FREDERICTON – Business groups say government should provide more incentives for women to enter non-traditional trades instead of legislating pay equity in the private sector.
David Plante, provincial vice-president for the Canadian Manufacturers and Exporters, said the exercise of comparing various jobs and assigning values to each one is unnecessarily complicated and expensive.
Instead, the provincial government should focus on helping women train to enter higher-paying careers, such as the trades and sciences. The result would not only boost women’s salaries but help fill the province’s skill shortage, he said.
Plante said there are three factors that contribute to pay inequity: systemic discrimination, which is dealt with under the Human Rights Act; family responsibilities; and job clustering, in which women continue to enter traditional jobs.
Plante said studies have shown it can cost roughly $400 per employee for a business to evaluate a job under pay equity.
“Quite frankly, it doesn’t work,” he said.
Pay equity means employees with jobs of equal or comparable value receive the same salary. For example, if two different jobs are deemed to be of equivalent value, taking into consideration working conditions, skills, responsibility and effort, employees would have to be paid the same.
Social Development Minister Mary Schryer tabled legislation on Friday that will see pay equity introduced to the public service by the spring of 2010.
The legislation fulfills a campaign promise made by the Liberals, who also promised to talk with organizations with the “goal of extending pay equity to the private sector through legislation.”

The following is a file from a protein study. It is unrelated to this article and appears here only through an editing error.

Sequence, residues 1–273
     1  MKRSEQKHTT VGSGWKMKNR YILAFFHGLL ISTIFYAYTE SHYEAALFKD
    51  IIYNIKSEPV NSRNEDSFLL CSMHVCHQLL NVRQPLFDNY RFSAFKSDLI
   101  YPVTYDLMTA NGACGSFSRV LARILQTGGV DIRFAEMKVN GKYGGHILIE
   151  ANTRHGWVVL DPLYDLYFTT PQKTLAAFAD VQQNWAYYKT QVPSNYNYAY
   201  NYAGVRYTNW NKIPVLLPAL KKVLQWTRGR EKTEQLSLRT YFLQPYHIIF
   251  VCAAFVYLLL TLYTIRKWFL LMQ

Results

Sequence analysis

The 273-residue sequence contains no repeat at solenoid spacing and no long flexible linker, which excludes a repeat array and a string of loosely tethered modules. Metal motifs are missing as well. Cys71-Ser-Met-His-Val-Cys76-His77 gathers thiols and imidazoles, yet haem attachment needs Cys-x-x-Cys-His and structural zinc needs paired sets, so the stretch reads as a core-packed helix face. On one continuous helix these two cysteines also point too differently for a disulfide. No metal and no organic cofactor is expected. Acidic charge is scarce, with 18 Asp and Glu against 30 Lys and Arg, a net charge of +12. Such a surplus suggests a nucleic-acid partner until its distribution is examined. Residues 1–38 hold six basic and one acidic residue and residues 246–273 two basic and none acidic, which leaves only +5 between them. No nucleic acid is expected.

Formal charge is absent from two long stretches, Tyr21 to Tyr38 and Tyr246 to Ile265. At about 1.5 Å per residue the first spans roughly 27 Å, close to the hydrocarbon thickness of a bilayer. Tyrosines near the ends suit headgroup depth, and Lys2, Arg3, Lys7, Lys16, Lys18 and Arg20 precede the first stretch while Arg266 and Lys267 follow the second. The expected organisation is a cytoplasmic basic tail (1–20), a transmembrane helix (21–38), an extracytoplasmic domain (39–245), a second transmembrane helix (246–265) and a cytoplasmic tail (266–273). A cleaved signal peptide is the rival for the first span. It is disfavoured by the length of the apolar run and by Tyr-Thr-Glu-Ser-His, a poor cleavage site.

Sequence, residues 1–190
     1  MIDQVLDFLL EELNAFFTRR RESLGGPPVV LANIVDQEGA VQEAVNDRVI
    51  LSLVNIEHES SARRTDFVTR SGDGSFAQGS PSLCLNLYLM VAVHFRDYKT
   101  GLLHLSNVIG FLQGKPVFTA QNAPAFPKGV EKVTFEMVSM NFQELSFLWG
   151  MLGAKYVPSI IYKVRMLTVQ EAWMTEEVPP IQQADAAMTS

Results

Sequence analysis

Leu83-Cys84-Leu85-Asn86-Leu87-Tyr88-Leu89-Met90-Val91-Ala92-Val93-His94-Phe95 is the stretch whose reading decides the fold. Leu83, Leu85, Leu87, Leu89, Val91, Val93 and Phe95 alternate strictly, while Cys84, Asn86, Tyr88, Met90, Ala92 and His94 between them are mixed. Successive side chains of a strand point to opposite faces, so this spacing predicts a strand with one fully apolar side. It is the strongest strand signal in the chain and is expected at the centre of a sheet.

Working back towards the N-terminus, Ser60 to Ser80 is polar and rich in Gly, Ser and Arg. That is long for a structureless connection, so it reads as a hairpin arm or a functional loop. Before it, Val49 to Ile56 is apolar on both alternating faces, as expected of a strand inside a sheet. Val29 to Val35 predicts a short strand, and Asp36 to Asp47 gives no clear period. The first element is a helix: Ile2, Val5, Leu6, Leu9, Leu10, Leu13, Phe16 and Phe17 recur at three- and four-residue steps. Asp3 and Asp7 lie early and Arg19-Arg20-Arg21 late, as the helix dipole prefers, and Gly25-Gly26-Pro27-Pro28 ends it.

But Premier Shawn Graham said it’s unlikely the provincial government will rush forward with legislation for the private sector. The province is working with child-care workers and home-care workers, as well as their employers, to study pay equity.
Those two services are paid for by government and have traditionally been under-valued, Graham said.
Exactly how the province would implement pay equity in the private sector is still unclear, Graham said, adding government wants any changes to help, not hurt, those industries.
The wage gap increased slightly from 12 per cent in 2006 to 12.6 per cent in 2007. In 2007, the average hourly wage for women was $15.80, compared to $18.07 for men.
Charles Cirtwill of the Atlantic Institute for Market Studies said legislating pay equity in the private sector would be difficult. “I constantly worry about these kinds of things because, of course, it gets into an exercise of trying to equate two jobs which, simply put, are different and are never going to be able to make equal or to measure against,” he said. “That being said, if the jobs are the same, people should be getting paid the same.”
Cirtwill said legislating pay equity would be a complex, expensive exercise and could lead to more inequalities.
But Margaret-Ann Blaney, Rothesay Progressive Conservative MLA and former cabinet minister responsible for the status of women, said it’s time for government to seriously consider legislating pay equity in the private sector.
When Blaney was in government, she released a five-year plan to reduce the wage gap between men and women. That plan expires next year.
* With files from James Foster.